A well-known collaboration in antifungal immunity is that between Dectin-1 and TLR2. Although known for some time, the exact molecular details underlying their synergistic nature remain unknown; however, it has been established that this synergism is dependent on Syk 45. The synergy observed between TLR2 and Dectin-1 is most pronounced during inflammatory cytokine production and NF-κB activation 46. For example, stimulation of macrophages with Dectin-1 and TLR2 agonists has a synergistic effect on the production of TNF, IL-6 and IL-23, but simultaneously downregulated IL-12 – responses that are thought to be important for shaping the type of adaptive response 45. Another example is IL-1β, which is essential for antifungal immunity, and the use of double knockout mice (Tlr2−/−Clec7a−/−) has demonstrated the requirement of both these receptors in the production of IL-1β 39. The role of the TLR2/Dectin-1 collaboration however, is less well defined in other areas of immunity. For example, phagocytosis is Dectin-1-dependent, and although the TLRs have been demonstrated to regulate phagosomal maturation in certain experimental settings, TLR2−/− macrophages showed no defect in their internalisation of zymosan 46. In contrast, TLR2 may enhance the respiratory burst initiated by Dectin-1, by priming the ability of macrophages to carry out this function 46. Interestingly, the synergistic relationship is not restricted to TLR2, and Dectin-1 has been shown to collaborate with TLR1 47, −4, −5, −7 and −9 48.

Another important synergistic relationship, at least during C. albicans infection, was found between Dectin-1 and Dectin-2. Robinson et al. 23 used a blocking mAb against Dectin-2 to treat WT and Dectin-1-deficient DCs. Stimulation of these DCs with heat-killed C. albicans or zymosan revealed an almost complete abolishment in cytokine production when both of these CLRs were knocked out. This result was reminiscent of those observed with Syk-deficient cells and therefore it has been proposed that all Syk-dependent responses to Candida may depend on Dectin-1 and Dectin-2. These experiments were also reproducible in vivo, as Dectin-1-deficient mice that received the Dectin-2-blocking antibody had a significantly decreased Th1 response during systemic candidiasis infection; however, Th17 responses were only dependent on Dectin-2, and not Dectin-1, suggesting that Dectin-2 is the main receptor involved in driving these responses during C. albicans infection 23.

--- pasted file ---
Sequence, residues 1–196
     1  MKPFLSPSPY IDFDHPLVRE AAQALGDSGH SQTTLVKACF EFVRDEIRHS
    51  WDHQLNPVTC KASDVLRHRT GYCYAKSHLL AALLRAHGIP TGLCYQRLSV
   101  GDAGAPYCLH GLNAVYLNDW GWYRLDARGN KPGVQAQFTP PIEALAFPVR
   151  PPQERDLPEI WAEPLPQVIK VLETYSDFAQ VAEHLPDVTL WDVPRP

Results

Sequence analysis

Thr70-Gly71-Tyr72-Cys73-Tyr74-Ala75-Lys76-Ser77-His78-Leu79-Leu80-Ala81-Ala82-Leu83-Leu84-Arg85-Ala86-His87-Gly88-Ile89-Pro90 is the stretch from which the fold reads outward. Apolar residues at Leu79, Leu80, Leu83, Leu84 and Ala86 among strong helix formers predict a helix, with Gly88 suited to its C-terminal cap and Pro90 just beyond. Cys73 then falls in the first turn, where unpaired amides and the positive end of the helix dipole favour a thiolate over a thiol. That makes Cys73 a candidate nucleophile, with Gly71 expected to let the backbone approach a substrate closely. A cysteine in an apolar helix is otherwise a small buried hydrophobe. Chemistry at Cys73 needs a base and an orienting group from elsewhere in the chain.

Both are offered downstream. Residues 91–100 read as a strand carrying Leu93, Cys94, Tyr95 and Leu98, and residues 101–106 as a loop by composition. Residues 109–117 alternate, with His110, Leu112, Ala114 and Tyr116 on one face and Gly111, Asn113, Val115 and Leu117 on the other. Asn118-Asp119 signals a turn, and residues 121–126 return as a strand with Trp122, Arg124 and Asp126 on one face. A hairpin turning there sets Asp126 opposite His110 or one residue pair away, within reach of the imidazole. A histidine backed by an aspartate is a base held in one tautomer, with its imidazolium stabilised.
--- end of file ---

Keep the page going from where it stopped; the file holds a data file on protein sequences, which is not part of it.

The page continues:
While relationships between pairs of PRRs are becoming well defined, it is likely that antifungal immunity requires input from complex cross-talk of multiple PRRs. This is an aspect of antifungal immunity that is unclear; however, a study by Netea et al. 49 was able to give an initial insight into the integrative nature of antifungal responses. Using a variety of C. albicans cell wall mutants and specific ligand blocking experiments, the authors demonstrated how multiple receptors, including Dectin-1, TLRs and the mannose receptor (MR), were required for the recognition of invasive fungal particles, which in turn was essential for efficient clearance of the infection 49. Further research should aim to clarify the relationships between PRRs and how these are used in immunity. It shall be interesting to see whether different factors, such as fungal pathogen and cell type, impact on integrative responses differently.

Concluding remarks

There is a growing appreciation for the importance of CLRs in antifungal immunity. Dectin-1/2 and Mincle all play vital roles as outlined here, but are likely to be carried out in collaboration with other receptors. Their role may, however, vary depending on the pathogenic fungi and host species in question, and these types of differences have already been identified for some of these receptors, such as with Dectin-1. While significant progress in our understanding of these receptors has been made, several questions remain. For example, is of interest to investigate the roles of Dectin-1/2 in the differentiation of Th17 in humans, and to fully understand the functional roles of IL-17 and Th17 responses in the host defence against fungal infections. Additionally, it is not well understood how several CLRs that signal through a common pathway can give rise to diverse responses. Future investigations into these and other receptors should facilitate the development of novel antifungal treatments and vaccines, and hopefully reduce mortality rates associated with fungal infections.

Acknowledgments

We thank the Wellcome Trust, Medical Research Council, CREST and Grants-in Aid from the MEXT of Japan for financial support.

Glossary

Abbreviations

CLR
C-type lectin receptor
TDM
trehalose-6, 6′-dimycolate

Conflict of interest

The authors declare no financial or commercial conflict of interest.